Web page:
Workshop will take place from 1:30pm – 3:00pm in ISR 6080


Expression, Amplification, and Contention: Communication Mediation in a New Media Ecology

September 22, 2017: Dhavan Shah, University of Wisconsin
Workshop will take place from 11am – 12:30pm in ISR 6080


The Communication Mediation Model contends that conversation serves as a conduit for media influence on participation. Changes in communication systems, media audiences, and political campaigns call this model into question. Its current formulation fails to account for the growing convergence of news and talk via social media and the deepening institutional and social distrust accompanying heightened partisan polarization. Illustrating these changes with three studies that span conventional and computational methods, this presentation explores (1) the nature of online expression during presidential debates, (2) the factors that drive presidential campaign coverage, and (3) the influence of cloistered communication ecologies on the erosion of institutional legitimacy and social trust. An alternate model of mediated communication that emphasizes expression, amplification, and contention is proposed.

Media Exposure Measures: Still an Embarrassment for the Discipline?

October 6, 2017: Claes de Vreese, University of Amsterdam
Workshop will take place from 2pm-3:30pm in ISR 6050


News and Democracy in the Era of Trump

February 10, 2017: Regina Lawrence (Oregon)


Less than Meets the Eye? The Effects of Casualty News on Domestic Support for America’s Wars

October 14, 2016: Scott Althaus


Democratic Accountability for Some

October 2, 2015: Kevin Arcenaux


Theories of democratic accountability acknowledge that people are different. Nonetheless, these same models often presume that people respond to the political environment in the same way. Recent research establishes that stable individual-level differences in psychological motivations cause people to respond to the political environment in different ways. Professor Arceneaux discusses ongoing research with his collaborator, Ryan Vander Wielen, which investigates how individual differences in information processing influence the role of partisanship in American politics and shape the contours of democratic accountability.

Campaigning Online: Web Display Ads in the 2012 Presidential Campaign

November 20, 2015: Sunshine Hillygus


Although much of what we know about political advertising comes from the study of television advertising alone, online advertising is an increasingly prominent part of political campaigning. Research on other online political communication—especially candidate websites, blogs, and social media—tends to conclude that these communications are primarily aimed at turning existing supporters into campaign donors, activists, and volunteers. Is a similar communication strategy found in online display ads—the ads seen adjacent to website content? We examine 840 unique online display ads from the 2012 presidential campaign to explore the nature, content, and targets of online display advertising. We show that the policy content, tone, ad location, and interactive elements of the ads varied based on the audience, with persuasive appeals aimed at undecided or persuadable voters and engagement appeals aimed at existing supporters. Comparing ad content across candidates also finds that each side focused on those issues for which the candidate had a strategic advantage. As a consequence, we find little issue engagement in online advertising, in contrast to the conclusions of previous research on television advertising.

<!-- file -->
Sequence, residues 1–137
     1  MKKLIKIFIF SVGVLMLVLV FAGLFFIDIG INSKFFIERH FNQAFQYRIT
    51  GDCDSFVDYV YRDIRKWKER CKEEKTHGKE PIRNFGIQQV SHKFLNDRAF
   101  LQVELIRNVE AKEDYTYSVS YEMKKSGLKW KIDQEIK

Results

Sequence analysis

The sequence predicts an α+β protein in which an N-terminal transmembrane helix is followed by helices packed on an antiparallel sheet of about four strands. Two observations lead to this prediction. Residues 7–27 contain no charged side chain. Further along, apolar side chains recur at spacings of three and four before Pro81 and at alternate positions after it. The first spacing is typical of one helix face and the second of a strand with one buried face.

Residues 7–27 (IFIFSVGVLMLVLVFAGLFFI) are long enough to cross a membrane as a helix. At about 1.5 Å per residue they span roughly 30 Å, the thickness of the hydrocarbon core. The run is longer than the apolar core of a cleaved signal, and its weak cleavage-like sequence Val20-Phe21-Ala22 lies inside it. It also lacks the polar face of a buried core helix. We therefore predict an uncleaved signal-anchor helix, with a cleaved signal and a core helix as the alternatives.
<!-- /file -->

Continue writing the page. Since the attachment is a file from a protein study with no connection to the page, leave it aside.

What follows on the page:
No Need to Watch: How the Effects of Partisan Media Can Spread via Inter-Personal Discussions

January 22, 2016: Jamie Druckman 


Over the last quarter-century, the political news landscape has transformed. One notable change has been the rise of partisan media sources. How do partisan media sources influence public opinion? We address this question by exploring not only how partisan media directly influence individuals’ attitudes, but also how interpersonal discussions shape the impact of partisan media. We present experimental results showing that, depending on the nature of the discussion group, conversations can nullify or amplify partisan media effects. Perhaps more importantly, we also find that those who are not directly exposed to partisan media are still susceptible to its effects. This occurs via a two-stage process such that exposed individuals influence those who have not been previously exposed. We conclude with a discussion of what our results imply about the study of media effects and partisan polarization.

Do Campaigns Matter? Stability, Competition, & Counterfactuals

January 16, 2015: Lynn Vavreck, UCLA


Presidential elections are like a game of tug-of-war. Both sides are pulling very hard. If, for some reason, one side let go—meaning they stopped campaigning—then the other side would soon benefit. But of course the candidates do not let go and that makes it hard to see that their efforts are making a difference. That the polls are not moving may seem to suggest that the two campaigns are ineffective. I have argued that it means they are equally effective. The stability and competition inherent in presidential campaigns makes it hard to uncover effects from candidates’ efforts, but creative research designs that focus on providing productive counterfactuals can help researchers tell important and accessible stories about political attitudes and behavior. In this talk, I will highlight the challenges of finding campaign effects in highly competitive contests and talk about some projects that have tried to provide unique design-based solutions to these challenges.

Fear and Loathing in Party Politics

November 14, 2014: Shanto Iyengar, Stanford



Events are held at the Institute for Social Research.

This group also organizes weekly lab meetings, involving faculty and students. Labs are held on Fridays from 11 a.m. to 12:20 at the Institute for Social Research.


Rackham Graduate School
Center for Political Studies (CPS)
Department of Political Science
Department of Communication and Media